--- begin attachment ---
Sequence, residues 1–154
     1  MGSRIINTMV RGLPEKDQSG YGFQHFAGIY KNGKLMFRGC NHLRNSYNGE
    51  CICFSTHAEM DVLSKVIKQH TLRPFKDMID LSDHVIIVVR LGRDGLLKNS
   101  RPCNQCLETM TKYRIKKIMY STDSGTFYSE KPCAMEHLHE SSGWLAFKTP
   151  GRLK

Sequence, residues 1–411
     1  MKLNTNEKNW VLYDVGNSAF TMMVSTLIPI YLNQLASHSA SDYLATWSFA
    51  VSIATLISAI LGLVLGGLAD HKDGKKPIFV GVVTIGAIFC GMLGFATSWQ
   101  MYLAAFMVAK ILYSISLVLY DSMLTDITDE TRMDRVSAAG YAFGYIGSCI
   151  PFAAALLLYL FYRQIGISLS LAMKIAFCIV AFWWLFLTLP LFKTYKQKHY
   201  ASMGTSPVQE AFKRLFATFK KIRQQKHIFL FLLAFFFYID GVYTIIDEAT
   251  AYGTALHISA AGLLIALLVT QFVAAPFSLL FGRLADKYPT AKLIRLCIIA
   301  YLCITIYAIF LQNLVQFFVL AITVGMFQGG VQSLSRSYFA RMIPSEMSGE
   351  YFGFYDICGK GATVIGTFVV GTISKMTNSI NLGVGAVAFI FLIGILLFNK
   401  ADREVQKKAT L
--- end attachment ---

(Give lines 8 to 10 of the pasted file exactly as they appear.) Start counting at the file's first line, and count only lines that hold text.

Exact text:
    51  VSIATLISAI LGLVLGGLAD HKDGKKPIFV GVVTIGAIFC GMLGFATSWQ
   101  MYLAAFMVAK ILYSISLVLY DSMLTDITDE TRMDRVSAAG YAFGYIGSCI
   151  PFAAALLLYL FYRQIGISLS LAMKIAFCIV AFWWLFLTLP LFKTYKQKHY